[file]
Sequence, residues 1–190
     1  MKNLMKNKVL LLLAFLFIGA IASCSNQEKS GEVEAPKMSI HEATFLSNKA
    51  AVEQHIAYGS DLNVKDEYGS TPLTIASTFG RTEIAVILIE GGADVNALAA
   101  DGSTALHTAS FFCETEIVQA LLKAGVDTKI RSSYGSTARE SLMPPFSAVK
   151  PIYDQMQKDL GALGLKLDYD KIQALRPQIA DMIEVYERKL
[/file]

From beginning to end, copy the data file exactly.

Sequence, residues 1–190
     1  MKNLMKNKVL LLLAFLFIGA IASCSNQEKS GEVEAPKMSI HEATFLSNKA
    51  AVEQHIAYGS DLNVKDEYGS TPLTIASTFG RTEIAVILIE GGADVNALAA
   101  DGSTALHTAS FFCETEIVQA LLKAGVDTKI RSSYGSTARE SLMPPFSAVK
   151  PIYDQMQKDL GALGLKLDYD KIQALRPQIA DMIEVYERKL